Get Rolling on Feedback

There is always a desire to continually improve. A key component to this is the ability to collect and share feedback as it pertains to the area that you are looking to improve upon. From our first memories we are getting feedback on how we are performing. From our parents, coaches and teachers we have a history of getting some level of review from those around us on daily activities. So it should be second nature to solicit, receive and take action on professional feedback, right?

Well in some cases, despite our best intentions, we have not built in a strategy to account for particular levels of feedback for defined improvement initiatives.

So, how do we proceed?

First, target an area for improvement. The key word here is target; keep the scope simple to ensure you are able to make incremental improvements. Feedback works best when it relates to a specific goal. Outlining what we want to improve in the first place will better set us up for asking for the right information on feedback forms such as surveys.

Next, we need to plan how we will review and respond to,  feedback provided. People will be far more receptive to giving us information if they know that it is actually making a lasting difference in ways that matters to them. Plan to review and where appropriate respond on a schedule. This provides consistency for those receiving a response, but remember that keeping this simple will allow for you and your team to be able to consistently provide responses. It can be very easy to let this get out of control. Determining a timeline for the process of collection and review will depend on the improvement strategy which you are setting. For example some improvement initiative may revolve around workplace satisfaction which may be conducted annually as compared with a survey on speed of service for a particular customer interaction which may be more frequent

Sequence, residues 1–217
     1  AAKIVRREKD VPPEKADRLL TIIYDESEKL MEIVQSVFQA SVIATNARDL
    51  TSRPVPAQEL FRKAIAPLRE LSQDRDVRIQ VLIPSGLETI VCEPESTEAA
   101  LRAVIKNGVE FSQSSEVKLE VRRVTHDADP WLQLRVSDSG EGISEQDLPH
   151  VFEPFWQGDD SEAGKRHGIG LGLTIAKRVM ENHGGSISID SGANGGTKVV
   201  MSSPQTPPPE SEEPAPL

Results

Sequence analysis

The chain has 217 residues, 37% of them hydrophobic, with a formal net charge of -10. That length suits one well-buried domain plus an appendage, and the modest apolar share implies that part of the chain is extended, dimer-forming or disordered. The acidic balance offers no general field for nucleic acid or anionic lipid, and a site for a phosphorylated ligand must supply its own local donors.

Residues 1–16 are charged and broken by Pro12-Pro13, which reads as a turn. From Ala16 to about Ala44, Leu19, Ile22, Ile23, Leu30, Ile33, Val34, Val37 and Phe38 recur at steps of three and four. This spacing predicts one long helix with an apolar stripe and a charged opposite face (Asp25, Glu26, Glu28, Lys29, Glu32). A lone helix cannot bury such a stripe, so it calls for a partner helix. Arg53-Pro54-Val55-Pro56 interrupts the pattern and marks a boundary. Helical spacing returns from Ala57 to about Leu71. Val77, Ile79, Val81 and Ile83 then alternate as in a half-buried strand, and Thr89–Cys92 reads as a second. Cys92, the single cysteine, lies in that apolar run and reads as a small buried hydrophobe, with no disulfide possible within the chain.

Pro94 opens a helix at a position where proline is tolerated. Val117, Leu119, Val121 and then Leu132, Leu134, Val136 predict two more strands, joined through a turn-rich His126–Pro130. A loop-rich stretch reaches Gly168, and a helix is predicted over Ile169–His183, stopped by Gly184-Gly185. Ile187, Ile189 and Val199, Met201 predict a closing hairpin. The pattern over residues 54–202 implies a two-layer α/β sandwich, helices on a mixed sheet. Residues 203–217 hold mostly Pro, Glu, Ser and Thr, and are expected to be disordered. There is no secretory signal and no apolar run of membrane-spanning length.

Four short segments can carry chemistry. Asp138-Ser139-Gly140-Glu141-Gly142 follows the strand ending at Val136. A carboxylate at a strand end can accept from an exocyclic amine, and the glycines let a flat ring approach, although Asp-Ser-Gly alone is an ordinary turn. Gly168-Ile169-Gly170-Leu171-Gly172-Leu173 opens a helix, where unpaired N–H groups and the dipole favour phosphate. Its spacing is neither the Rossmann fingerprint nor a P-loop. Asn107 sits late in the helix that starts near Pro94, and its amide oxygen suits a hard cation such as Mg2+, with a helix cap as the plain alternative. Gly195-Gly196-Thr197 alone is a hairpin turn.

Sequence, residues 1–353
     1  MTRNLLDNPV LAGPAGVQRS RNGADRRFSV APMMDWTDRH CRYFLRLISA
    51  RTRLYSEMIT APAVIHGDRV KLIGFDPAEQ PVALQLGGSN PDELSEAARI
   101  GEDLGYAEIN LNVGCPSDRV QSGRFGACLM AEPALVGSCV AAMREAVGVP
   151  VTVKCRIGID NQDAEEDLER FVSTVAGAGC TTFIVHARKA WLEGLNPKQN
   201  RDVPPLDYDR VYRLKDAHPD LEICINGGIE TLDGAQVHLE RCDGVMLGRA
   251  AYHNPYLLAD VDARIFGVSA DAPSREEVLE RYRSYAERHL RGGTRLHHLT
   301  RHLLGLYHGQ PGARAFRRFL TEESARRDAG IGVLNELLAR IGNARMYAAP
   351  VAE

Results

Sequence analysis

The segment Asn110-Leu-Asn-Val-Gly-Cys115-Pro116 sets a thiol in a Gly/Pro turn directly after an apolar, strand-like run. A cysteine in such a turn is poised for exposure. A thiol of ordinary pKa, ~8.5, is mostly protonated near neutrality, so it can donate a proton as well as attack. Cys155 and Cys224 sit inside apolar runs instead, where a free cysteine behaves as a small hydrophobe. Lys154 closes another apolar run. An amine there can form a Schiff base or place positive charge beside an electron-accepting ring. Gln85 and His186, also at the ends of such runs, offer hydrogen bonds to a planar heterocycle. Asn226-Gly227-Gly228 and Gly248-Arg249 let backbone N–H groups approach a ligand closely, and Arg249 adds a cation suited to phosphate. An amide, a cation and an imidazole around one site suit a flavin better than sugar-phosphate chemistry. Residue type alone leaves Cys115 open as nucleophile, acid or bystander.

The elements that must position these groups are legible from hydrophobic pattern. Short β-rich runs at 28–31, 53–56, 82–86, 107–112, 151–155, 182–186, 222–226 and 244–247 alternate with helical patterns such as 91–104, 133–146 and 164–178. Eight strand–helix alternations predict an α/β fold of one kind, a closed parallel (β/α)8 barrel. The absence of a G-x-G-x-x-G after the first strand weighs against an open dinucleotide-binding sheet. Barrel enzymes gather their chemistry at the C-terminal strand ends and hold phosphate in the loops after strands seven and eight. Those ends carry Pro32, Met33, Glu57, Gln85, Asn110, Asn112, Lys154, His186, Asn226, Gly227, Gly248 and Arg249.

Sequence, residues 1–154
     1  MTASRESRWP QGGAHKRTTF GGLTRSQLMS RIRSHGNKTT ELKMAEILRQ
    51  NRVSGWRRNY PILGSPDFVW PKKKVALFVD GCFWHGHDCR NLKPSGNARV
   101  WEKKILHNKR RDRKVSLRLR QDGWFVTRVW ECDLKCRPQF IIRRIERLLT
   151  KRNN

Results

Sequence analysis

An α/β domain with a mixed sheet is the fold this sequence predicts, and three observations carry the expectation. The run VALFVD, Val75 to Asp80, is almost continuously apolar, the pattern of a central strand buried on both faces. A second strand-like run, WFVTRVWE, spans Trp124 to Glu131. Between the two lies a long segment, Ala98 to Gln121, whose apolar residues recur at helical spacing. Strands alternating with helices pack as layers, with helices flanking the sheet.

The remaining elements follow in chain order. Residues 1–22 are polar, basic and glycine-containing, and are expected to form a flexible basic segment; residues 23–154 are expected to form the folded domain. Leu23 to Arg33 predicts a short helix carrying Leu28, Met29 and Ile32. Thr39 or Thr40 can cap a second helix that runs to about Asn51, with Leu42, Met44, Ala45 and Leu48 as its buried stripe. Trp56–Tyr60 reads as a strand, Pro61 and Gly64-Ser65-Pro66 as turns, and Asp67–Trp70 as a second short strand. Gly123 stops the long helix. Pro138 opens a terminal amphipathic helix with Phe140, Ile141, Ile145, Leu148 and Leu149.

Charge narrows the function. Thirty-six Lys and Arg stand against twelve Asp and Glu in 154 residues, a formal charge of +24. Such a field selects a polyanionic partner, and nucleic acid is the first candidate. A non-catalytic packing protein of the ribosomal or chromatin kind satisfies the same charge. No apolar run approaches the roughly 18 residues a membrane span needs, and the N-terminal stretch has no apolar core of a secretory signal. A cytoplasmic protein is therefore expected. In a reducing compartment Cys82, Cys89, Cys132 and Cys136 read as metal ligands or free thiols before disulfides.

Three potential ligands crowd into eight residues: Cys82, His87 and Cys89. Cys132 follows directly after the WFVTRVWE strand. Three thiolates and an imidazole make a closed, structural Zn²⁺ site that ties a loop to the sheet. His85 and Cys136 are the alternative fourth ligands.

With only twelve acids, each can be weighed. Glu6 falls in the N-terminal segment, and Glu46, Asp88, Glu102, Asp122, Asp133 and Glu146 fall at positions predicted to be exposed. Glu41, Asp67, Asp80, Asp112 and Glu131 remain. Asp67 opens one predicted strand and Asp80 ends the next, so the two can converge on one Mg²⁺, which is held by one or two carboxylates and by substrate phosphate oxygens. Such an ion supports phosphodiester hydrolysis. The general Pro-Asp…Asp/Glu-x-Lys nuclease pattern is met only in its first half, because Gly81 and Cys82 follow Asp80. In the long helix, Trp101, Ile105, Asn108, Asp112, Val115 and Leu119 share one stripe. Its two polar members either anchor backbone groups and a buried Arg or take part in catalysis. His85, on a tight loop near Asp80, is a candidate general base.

Once we have the feedback, translating it into something we can work with this the next step. In some cases the feedback on a personal interaction may need to be presented in a way which will reinforce the goal we are trying to accomplish in a ‘positive’ way, this is not say we should sugar-coat the feedback. However people may dwell more on a comment with a negative connotation rather than the issue it was meant to describe.

In the end collecting and responding to feedback will allow for your organization to improve not only the service which it provides but improving communication between you and your business as well.

Feel free to connect with me on Twitter @ryanrogilvie and/or on LinkedIn



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